The new legislation says; " In the course of conducting a review the reviewer must hold a hearing unless........."
Claimants say hearings are being held, which may last an hour or more, but where is the other part - the actual review.
The legislation says that the reviewer must adopt an investigative approach with a view to conducting the review in an informal, timely and practicable manner. An hour-long hearing doesn't seem to meet that legislative requirement.
Some claimants say they cannot afford lawyers to represent them at the hearing and so they are left to manage the best way they can while they are up against a well-resourced multi-billion dollar Corporation. There is also risk of a perception of bias when the reviewing company itself is owned by ACC.
Why ACC doesn't tender the review work out, or use other reviewers as well, is unclear.
The legislation says that reviewers are to be independent but the perception of real or apparent bias remains.
One lawyer recently told Scoop about a case manager writing an email to a reviewer about the lawyer after the hearing was held, but before a decision was given. That matter has yet to be settled.
Another complaint about the review hearing approach is that both claimants - and ACC - have no idea what will be presented by each other on the day and so the hearing simply becomes like two parties standing up in a ring to fight each other.
That does not seem to meet the requirements for an investigative approach required by the ACC legislation.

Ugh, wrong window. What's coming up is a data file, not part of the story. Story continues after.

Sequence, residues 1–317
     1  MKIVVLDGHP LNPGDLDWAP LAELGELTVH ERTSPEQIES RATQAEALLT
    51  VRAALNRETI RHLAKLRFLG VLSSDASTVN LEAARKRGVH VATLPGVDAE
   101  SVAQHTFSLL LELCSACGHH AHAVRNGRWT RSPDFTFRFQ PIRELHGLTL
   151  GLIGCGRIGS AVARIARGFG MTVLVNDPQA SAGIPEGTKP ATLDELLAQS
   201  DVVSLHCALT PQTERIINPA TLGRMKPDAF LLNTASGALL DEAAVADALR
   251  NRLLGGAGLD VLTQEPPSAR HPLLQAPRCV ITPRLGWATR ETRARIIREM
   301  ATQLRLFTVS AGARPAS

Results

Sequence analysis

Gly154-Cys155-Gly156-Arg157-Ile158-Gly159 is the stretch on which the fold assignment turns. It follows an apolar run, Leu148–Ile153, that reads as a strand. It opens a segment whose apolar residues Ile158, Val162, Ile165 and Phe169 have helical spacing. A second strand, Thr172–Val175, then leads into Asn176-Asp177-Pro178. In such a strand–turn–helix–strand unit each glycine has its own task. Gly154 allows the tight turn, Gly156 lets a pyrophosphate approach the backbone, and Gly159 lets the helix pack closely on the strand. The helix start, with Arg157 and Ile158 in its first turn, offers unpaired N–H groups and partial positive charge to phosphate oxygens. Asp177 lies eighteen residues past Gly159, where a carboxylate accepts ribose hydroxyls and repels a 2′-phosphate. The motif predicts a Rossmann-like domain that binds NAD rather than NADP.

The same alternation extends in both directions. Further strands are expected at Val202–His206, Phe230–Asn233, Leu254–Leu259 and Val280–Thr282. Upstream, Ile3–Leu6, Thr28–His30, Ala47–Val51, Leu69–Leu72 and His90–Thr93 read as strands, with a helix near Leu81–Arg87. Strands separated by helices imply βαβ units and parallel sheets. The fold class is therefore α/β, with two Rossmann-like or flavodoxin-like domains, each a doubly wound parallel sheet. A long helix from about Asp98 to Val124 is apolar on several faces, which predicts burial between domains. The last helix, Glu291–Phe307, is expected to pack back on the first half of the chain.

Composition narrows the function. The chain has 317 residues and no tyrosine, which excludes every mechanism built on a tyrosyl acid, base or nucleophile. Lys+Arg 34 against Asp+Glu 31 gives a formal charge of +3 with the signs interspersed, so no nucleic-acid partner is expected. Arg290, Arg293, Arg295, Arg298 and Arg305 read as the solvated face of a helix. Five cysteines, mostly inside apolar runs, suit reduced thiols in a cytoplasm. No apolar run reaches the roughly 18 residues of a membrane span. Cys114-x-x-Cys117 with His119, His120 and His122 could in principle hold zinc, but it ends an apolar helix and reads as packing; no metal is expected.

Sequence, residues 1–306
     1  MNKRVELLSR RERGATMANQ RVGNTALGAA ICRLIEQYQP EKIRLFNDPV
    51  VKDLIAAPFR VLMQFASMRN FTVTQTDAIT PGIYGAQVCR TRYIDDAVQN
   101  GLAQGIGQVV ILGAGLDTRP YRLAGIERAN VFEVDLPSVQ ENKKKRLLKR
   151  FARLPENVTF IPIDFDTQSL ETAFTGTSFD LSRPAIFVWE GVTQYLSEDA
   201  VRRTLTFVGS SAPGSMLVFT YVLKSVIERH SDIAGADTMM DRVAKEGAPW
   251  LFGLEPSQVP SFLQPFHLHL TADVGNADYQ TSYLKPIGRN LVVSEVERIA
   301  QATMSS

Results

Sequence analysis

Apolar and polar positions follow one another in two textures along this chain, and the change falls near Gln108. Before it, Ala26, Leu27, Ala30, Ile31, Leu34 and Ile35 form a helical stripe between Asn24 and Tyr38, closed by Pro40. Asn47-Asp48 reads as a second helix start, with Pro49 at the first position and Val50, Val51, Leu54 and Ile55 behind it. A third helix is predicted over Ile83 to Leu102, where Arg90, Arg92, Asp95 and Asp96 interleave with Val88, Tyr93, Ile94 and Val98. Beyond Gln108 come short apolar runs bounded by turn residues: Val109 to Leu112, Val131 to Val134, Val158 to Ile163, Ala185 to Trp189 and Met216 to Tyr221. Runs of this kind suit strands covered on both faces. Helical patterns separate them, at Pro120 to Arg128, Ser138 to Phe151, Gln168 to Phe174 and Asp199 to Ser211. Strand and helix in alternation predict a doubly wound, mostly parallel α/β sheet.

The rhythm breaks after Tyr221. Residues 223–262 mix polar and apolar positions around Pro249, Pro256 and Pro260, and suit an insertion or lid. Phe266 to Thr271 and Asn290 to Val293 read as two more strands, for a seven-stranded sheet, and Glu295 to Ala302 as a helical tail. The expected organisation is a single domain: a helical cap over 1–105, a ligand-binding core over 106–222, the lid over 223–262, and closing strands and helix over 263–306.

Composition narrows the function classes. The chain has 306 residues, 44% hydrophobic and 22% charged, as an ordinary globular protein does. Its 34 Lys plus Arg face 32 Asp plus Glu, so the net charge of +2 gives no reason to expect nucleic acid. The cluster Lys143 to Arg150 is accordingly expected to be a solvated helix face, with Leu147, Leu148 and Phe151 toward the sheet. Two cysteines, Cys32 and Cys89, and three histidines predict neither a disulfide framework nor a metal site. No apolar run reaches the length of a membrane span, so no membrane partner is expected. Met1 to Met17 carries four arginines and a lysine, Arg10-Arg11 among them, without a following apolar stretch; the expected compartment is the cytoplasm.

The courts themselves provide for an exchange of information as disclosure before a hearing. And judges often hold case conferences between the parties before the hearing date to settle the questions to be decided, or in an attempt to try and settle the matter and avoid a full court hearing. That seems to be the common-sense approach.
It remains a mystery why reviewers engaged by Dispute Resolution Services Ltd don't, or won't, follow that same approach to settle disputes over ACC's decisions.
The legislation also requires reviewers to comply with the principles of natural justice.
Allowing people to be kept in the dark before the hearing doesn't seem to comply with those principles at all.
The simple fact is that if you have no idea what's coming at you on the day of the hearing then how can you properly prepare. You can apply for an adjournment if something comes up at the hearing which you were not aware of, but that can waste more time and money - which comes from the public purse. It needs changing - and quickly.